Online marketplace Snapdeal's board members rejected Flipkart's $700-$800 million buyout bid on Tuesday, July 4. Snapdeal reportedly did not explain why it had decided to refuse the offer, but the talks regarding the sale are said to be ongoing.
The deal is only for the firm's online marketplace business and does not include Snapdeal's logistics wing Vulcan or its payments wing Freecharge, reported Live Mint.
Snapdeal's biggest investor Japan's SoftBank Group Corp has been looking to sell the company in a bid to secure a stake in Flipkart, which is India's biggest e-commerce firm. However, this move is likely to further delay the buyout.
Flipkart had made the offer last week and it is much lower than its initial bid of $1 billion, which seems to have miffed Snapdeal. "The board is unhappy with Flipkart pegging the valuation nearly $200 million less, even though Snapdeal cleared the due diligence. The board is, however, hopeful Flipkart would reconsider the offer," Business Standard quoted a source as saying.
Under the proposed deal, SoftBank will reportedly infuse about $1 billion in Flipkart through cash and by buying equity stakes in its investors. However, neither Snapdeal nor Flipkart have officially commented on the matter. SoftBank too is yet to speak about it.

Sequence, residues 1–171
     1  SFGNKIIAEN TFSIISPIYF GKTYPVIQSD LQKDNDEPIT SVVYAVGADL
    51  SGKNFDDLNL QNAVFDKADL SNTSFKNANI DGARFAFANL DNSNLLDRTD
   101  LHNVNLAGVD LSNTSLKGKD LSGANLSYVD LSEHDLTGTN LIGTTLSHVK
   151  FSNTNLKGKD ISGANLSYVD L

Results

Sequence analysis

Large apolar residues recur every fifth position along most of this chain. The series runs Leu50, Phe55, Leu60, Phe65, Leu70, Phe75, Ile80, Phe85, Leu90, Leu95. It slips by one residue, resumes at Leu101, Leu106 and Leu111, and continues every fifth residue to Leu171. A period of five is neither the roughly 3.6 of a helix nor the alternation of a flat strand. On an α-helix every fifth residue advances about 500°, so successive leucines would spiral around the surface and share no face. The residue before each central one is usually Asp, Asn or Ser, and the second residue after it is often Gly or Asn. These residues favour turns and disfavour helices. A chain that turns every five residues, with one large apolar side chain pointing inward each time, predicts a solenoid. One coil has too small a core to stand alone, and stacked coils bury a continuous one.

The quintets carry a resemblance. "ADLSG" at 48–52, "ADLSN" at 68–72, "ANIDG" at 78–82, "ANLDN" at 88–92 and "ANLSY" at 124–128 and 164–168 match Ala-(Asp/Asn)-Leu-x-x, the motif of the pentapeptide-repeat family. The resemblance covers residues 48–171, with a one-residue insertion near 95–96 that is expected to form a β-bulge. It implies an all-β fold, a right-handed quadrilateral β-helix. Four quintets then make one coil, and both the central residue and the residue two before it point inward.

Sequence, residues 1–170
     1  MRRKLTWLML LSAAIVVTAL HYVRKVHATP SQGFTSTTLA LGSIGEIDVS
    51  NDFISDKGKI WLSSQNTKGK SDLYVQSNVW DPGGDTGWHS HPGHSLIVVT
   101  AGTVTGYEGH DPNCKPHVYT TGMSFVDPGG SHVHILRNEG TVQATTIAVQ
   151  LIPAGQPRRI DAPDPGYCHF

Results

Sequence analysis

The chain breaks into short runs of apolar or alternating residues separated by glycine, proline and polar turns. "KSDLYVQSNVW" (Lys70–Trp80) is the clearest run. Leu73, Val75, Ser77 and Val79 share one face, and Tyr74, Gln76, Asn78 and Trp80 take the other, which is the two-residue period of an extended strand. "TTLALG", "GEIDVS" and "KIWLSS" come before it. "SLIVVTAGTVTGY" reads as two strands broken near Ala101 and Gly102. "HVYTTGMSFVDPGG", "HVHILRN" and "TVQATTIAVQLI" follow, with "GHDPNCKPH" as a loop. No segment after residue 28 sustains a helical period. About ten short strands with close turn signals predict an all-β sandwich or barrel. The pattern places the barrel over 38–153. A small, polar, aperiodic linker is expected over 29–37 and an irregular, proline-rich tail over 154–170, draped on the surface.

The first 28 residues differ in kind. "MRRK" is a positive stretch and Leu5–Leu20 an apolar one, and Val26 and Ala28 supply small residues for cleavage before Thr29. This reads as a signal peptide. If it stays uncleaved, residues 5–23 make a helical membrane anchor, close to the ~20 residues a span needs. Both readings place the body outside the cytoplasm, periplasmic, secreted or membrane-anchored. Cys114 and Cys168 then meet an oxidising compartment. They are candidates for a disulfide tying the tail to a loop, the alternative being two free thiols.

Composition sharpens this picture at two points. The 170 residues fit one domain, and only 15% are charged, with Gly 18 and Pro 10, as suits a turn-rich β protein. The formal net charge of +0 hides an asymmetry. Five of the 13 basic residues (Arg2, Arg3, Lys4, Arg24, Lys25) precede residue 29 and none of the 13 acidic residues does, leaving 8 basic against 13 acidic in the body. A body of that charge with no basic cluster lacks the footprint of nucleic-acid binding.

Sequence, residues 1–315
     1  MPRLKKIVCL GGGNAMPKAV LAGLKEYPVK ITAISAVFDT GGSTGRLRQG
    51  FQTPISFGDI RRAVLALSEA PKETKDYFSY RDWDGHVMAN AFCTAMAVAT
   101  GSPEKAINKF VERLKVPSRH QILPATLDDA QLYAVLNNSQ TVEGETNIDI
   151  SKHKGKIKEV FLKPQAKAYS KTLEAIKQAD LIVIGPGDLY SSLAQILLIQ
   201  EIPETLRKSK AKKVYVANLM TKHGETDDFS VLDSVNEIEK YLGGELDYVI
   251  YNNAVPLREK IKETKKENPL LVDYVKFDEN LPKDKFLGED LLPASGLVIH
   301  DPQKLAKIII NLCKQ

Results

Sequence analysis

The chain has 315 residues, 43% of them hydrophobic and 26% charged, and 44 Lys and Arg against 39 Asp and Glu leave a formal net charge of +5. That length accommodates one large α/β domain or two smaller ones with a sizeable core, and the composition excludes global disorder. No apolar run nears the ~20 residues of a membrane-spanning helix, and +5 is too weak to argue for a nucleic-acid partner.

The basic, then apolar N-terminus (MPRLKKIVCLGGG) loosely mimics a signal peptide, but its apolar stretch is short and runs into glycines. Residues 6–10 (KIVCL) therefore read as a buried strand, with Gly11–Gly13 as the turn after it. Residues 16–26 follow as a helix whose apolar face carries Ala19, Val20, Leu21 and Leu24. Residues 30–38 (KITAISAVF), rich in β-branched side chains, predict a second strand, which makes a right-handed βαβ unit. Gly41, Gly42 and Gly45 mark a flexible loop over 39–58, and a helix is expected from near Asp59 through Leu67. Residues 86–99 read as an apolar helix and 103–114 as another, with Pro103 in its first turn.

Meanwhile, if the deal with Flipkart doesn't go through, Snapdeal is said to be ready with an alternate plan that might see an approval from the board. Under it, the firm may lessen its manpower and cut back on its operations until it finds a new buyer.
"The board might look at other buyers or finally give the go-ahead to Snapdeal's plan. The company might sell its sister concerns such as the logistics arm Vulcan Express and FreeCharge, run some of the operations and work towards an exit. It all depends on Flipkart's next move," the website's source added.
This is not the first time that the much talked about Snapdeal-Flipkart buyout has been halted. While SoftBank has been keen to facilitate the sale, numerous key people in Snapdeal have been vocal about their displeasure. Co-founders Kunal Bahl and Rohit Bansal agreed to the deal after much coaxing and shareholders Kalaari Capital and Nexus Venture Partners too opposed to the sale.
Just a few days ago, PremjiInvest, Wipro chairman Azim Premji's personal investment arm and one of the investors in e-commerce firm Snapdeal, also expressed displeasure over the sale. In a letter to the Snapdeal board of directors, it was evident that the decision to pay $30 million to the co-founders and $60 million to early investors Kalaari Capital and Nexus Venture Partners had not gone down well with PremjiInvest.